The opinion of the court was delivered by: Donald G. Wilkerson United States Magistrate Judge
This matter is before the Court on the Intervenor's Motion for Sanctions (Doc. 29) filed on July 1, 2009. For the following reasons, the Court GRANTS in part the Intervenor's Motion for Sanctions (Doc 29).
At issue in the case at bar is a subpoena served by Defendants to J.C. Penney and John Pannullo. Defendants acknowledge that "It is clear that the manner of service of the subpoena in question was deficient under Fed. R. Civ. P. 45(b)(1), as no notice of the subpoena was issued prior to service." (Doc. 31).
Rule 45(b)(1), which governs service of subpoenas, specifically provides that "[p]rior notice of any commanded production of documents and things or inspection of premises before trial shall be served on each party in the manner prescribed by Rule 5(b)." Courts have held that this rule requires notice to all parties before service of the subpoena. Schweizer v.. Mulvehill, 94 F.Supp.2d 376, 411-12 (S.D.N.Y.2000) ("The requirement of prior notice has been interpreted to require that notice be given prior to the issuance of the subpoena, not prior to its return date."). But see Seewald v. IIS Intelligent Info Sys., Ltd., No. 93CV5252, 1996 U.S. Dist. LEXIS 22497, *12-15 (E.D.N.Y. Oct. 16, 1996) (where opposing party learned of subpoena prior to the production of any documents, it was not prejudiced by violation of notice requirement). "The purpose of the requirement of prior notice is to afford the other parties an opportunity to object to the production or inspection, or to serve a demand for additional documents or things." Schweizer, 94 F.Supp.2d at 411. See also Cootes Drive LLC v. Internet Law Library, Inc., No. 01Civ.0877, 2002 U.S. Dist. LEXIS 4529, *3-7 (S.D.N.Y. Mar. 19, 2002) (entering sanctions for defendant's admitted violation of notice requirement of Rule 45(b)(1)).
This Court must then determine whether sanctions are appropriate for the failure to follow the rule and if so, what sanctions. The Intervenor argues that she has been predjudiced by the failure of notification. She states that four hours after she found out about the Defendants subpoena she notified them of her intent to move to quash the subpoena. She further argues that before she could get the matter before the court the third party to whom the subpoena had been issued produced the requested documents. Defendants respond that this was a "technical" violation that did not prejudice the Intervenor because she was put on notice of the issues in questions at her deposition. The Court is not persuaded by Defendants' arguments. Rule 45(b)(1) is clear; prior notice is required. The Advisory Committee Notes on the 1991 amendment to Rule 45 specifically states that "the purpose of the notice is to provide other parties an opportunity to object to the production or inspection, or to serve a demand for additional documents or things." That did not happen in this case. The Intervenor had no opportunity to object prior to the production of documents by J.C. Penney. The Court does not believe the rule was instituted as a technicality. The rule has a valid purpose and in this case the purpose was contravened.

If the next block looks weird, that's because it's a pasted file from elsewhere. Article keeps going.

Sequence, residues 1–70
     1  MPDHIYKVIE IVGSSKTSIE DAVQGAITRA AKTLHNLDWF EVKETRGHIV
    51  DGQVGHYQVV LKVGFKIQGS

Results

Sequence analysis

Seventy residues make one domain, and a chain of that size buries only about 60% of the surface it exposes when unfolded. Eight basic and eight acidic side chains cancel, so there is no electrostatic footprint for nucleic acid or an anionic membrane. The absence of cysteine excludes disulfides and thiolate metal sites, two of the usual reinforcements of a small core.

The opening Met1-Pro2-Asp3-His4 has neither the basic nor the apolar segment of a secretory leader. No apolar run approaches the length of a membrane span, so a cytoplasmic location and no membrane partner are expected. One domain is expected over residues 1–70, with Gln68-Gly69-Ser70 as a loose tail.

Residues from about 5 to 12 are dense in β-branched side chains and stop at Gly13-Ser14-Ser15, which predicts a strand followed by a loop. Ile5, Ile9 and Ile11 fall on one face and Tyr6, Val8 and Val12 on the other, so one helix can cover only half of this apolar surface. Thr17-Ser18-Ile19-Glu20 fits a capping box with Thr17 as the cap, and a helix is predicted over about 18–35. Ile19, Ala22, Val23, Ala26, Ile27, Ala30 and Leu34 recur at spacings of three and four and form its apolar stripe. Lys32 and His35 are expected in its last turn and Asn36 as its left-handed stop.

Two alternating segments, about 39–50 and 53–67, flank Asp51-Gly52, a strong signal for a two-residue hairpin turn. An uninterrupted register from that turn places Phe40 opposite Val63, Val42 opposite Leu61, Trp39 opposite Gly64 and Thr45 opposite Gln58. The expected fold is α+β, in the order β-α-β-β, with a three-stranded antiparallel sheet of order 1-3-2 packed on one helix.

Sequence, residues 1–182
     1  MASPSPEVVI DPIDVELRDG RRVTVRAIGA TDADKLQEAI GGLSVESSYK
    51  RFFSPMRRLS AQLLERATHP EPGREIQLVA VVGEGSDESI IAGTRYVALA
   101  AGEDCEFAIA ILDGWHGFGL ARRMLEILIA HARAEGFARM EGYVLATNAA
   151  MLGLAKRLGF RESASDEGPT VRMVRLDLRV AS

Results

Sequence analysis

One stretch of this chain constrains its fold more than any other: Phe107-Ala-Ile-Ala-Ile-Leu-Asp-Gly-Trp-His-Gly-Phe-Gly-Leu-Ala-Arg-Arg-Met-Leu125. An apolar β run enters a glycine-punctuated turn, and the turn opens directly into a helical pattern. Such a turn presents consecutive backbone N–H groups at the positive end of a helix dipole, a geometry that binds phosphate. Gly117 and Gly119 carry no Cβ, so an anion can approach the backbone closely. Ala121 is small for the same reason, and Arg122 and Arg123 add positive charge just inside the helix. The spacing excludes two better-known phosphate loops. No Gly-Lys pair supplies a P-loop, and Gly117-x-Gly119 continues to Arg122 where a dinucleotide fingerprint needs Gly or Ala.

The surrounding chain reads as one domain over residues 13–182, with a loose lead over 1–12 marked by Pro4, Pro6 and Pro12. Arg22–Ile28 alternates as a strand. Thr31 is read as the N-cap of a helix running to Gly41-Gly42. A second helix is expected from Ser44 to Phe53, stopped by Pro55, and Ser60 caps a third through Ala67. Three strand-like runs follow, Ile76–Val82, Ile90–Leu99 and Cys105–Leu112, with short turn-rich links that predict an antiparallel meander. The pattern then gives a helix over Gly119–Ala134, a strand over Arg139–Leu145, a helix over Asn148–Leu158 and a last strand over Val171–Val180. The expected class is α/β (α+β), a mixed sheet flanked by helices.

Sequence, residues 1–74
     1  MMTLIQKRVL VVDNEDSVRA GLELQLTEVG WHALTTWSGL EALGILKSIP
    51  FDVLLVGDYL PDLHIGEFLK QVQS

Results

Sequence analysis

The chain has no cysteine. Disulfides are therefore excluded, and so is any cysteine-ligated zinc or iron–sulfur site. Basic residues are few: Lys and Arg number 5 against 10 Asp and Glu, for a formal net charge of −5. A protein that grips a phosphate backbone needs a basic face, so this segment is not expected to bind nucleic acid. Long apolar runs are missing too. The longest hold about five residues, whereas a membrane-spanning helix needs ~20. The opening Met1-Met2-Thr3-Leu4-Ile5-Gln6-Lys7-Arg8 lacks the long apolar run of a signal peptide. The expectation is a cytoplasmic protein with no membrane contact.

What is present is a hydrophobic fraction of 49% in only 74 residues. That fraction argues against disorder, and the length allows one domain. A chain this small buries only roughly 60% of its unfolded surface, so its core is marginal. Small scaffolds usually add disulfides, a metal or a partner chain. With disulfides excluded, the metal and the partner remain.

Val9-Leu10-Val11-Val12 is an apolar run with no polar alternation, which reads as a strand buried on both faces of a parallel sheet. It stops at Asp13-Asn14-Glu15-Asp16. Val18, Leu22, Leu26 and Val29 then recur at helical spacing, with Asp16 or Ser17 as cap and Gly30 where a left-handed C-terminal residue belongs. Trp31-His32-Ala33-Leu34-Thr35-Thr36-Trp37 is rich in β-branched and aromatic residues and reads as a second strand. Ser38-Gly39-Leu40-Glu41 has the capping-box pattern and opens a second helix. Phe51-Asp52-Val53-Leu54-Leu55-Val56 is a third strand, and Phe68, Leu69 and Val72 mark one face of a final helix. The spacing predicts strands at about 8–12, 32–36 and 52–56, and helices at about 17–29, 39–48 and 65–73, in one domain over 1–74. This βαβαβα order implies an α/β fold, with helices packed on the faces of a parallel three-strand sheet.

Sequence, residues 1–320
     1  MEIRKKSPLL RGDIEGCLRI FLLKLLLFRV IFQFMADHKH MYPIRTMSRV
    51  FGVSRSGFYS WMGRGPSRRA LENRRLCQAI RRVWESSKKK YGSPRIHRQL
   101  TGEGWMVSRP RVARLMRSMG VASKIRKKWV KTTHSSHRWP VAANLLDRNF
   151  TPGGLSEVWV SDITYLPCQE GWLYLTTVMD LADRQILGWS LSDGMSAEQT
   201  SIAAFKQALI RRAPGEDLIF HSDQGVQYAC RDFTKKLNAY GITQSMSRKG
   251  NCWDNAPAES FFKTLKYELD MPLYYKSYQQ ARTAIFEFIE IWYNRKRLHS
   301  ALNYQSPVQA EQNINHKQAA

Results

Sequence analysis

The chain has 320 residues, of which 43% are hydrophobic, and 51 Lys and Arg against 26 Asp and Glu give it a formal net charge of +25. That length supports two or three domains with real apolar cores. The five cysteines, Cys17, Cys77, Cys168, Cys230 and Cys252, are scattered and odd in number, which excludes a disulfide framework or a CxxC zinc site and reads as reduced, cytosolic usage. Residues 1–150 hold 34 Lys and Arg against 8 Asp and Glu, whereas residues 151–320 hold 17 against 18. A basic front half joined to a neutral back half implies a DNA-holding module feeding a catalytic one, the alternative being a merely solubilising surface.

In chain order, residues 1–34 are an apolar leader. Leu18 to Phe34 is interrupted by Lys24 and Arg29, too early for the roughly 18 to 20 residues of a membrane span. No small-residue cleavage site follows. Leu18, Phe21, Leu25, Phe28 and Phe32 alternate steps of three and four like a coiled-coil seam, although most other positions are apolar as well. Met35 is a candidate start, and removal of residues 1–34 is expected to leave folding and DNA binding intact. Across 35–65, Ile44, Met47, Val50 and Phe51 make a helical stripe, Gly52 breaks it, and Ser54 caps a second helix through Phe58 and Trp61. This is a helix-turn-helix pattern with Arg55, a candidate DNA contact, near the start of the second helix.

For those reasons, the Court GRANTS in part Intervenor's Motion for Sanctions (Doc. 29). Defendants are ORDERED not to use any information received through the aforementioned subpoena. The Court declines, however, to bar Defendants from using any information previously obtained directly from Intervenor at her deposition.
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